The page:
Senior Health Alert
Researchers are finding that a sedentary lifestyle is harmful to your health, and over time, sitting on your backside can literally kill you. Thanks to the electronic age, people worldwide are spending less time in physically active jobs and hobbies and more time sitting at computer screens and texting via smartphones. At home, couch potatoes watch TV, pay bills online and catch up with friends via Facebook and FaceTime – all without standing up and moving around. As people of all ages sit for longer periods of time, their metabolism slows, circulation decreases and muscles become weak and stiff.
With less movement, the body uses less blood sugar, and research shows that for every two hours a person sits per day, the chance of getting diabetes increases by 7 percent. Inactive people also are more prone to heart disease because enzymes that regulate blood fats become sluggish. With less activity, individuals also burn fewer calories, which can lead to obesity and further health complications.
A medical study by the University of Hong Kong and the Chinese Department of Health found that in people 35 years of age and older, 20 percent of their deaths were from lack of physical activity – that’s more deaths than from smoking. The same research concludes that for more lethargic people, the risk of dying from respiratory illnesses was 92 percent higher for men and 75 percent higher for women. Also, in this study on physical activity and morbidity, the chance of dying from heart disease for the inactive is 52 percent higher for men and 28 percent higher for women.
The troubling health effects of the sedentary lifestyle has spawned a new medical field called “inactivity physiology” that explores what researchers are dubbing “sitting disease.” Fortunately, sitting disease can be prevented and often reversed through physical activity. Movement massages the body’s tissues and organs, supplying them with oxygen and improving flexibility. The body’s lymph system relies on physical activity to keep lymph fluid circulating to boost the immune system and fight infections. More rigorous exercise produces perspiration, which rids the body of toxins. Consistent activity also fuels the mood-elevating hormones that sharpen thinking and decrease depression. Getting up and moving throughout the day also lowers one’s number of doctor visits and reduces healthcare costs. Statistics show that older adults who engage in regular exercise improve their overall physical and mental health and are 60 percent less likely to get dementia.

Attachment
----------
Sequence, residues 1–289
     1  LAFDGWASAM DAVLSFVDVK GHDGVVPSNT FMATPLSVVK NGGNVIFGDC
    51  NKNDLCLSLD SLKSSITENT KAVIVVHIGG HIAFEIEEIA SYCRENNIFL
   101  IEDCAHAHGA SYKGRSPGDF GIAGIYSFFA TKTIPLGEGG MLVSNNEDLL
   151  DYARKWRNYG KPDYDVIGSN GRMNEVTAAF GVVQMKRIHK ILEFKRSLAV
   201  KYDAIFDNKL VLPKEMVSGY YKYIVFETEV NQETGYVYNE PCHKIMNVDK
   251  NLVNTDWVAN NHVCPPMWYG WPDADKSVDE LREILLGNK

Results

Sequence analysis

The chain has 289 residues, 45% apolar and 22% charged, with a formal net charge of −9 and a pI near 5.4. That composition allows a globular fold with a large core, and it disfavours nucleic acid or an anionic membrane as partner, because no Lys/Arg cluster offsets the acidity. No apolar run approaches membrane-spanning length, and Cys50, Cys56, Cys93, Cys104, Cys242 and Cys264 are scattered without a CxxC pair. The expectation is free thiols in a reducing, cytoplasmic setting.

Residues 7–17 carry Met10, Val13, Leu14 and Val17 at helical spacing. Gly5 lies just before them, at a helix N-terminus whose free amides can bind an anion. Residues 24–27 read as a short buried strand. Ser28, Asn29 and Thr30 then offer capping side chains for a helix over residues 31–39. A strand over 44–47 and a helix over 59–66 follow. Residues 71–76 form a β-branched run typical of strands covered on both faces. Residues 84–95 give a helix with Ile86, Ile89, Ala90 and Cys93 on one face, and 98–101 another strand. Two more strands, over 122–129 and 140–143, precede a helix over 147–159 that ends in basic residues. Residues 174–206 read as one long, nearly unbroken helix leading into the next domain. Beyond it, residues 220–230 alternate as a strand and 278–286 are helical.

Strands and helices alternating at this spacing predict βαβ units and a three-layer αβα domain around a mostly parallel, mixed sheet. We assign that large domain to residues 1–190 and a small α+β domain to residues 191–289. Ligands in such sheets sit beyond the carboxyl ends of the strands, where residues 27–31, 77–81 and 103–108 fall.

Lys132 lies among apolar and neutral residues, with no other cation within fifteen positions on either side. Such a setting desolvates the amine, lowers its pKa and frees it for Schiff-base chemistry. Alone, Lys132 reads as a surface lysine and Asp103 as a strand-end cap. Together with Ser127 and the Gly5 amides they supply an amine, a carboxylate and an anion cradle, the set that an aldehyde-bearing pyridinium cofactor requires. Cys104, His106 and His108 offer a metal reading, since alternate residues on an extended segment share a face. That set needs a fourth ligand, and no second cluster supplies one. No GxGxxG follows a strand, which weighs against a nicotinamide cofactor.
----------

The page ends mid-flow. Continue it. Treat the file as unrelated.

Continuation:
Even a few simple adjustments in daily activity, particularly in the non-exercise routines that burn calories, such as folding laundry and standing to stretch, can deter the perils of extended sitting. For example, standing at your desk burns 115 calories per hour compared to 83 calories sitting. Taking the stairs uses 509 calories vs. riding the elevator, which uses only 128 calories. Chatting on the phone while pacing expends 147 calories, compared to talking on the phone while seated, which burns a mere 102 calories. Small increases in daily moving add up to better health and longevity in the long-run.
The following are tips for shaking up the sedentary life every day:
• Stand up every half-hour and walk around and stretch.
• Stand while you read emails or clean up your desk.
• Walk around when you are on the phone.
• Watch TV while on an exercise bike or treadmill.
• Consider trading your chair for an oversized stability ball.
• Cook more meals instead of ordering fast food or delivery.
• Shop at the mall instead of shopping online.
• Play Wii or another active video game vs. sitting to play computer games.
Are you worried about contracting sitting disease? There is a preventive cure. Getting off one’s behind and swapping a more active approach to common everyday activities is just what the inactivity physiology experts ordered.
Director, Senior New Ways Board of Directors
Ralph is an Arizona Independent Insurance Broker – Medicare Advantage, Medicare Supplement and Medicare Part D Plans in Arizona.
Ralph D Bredahl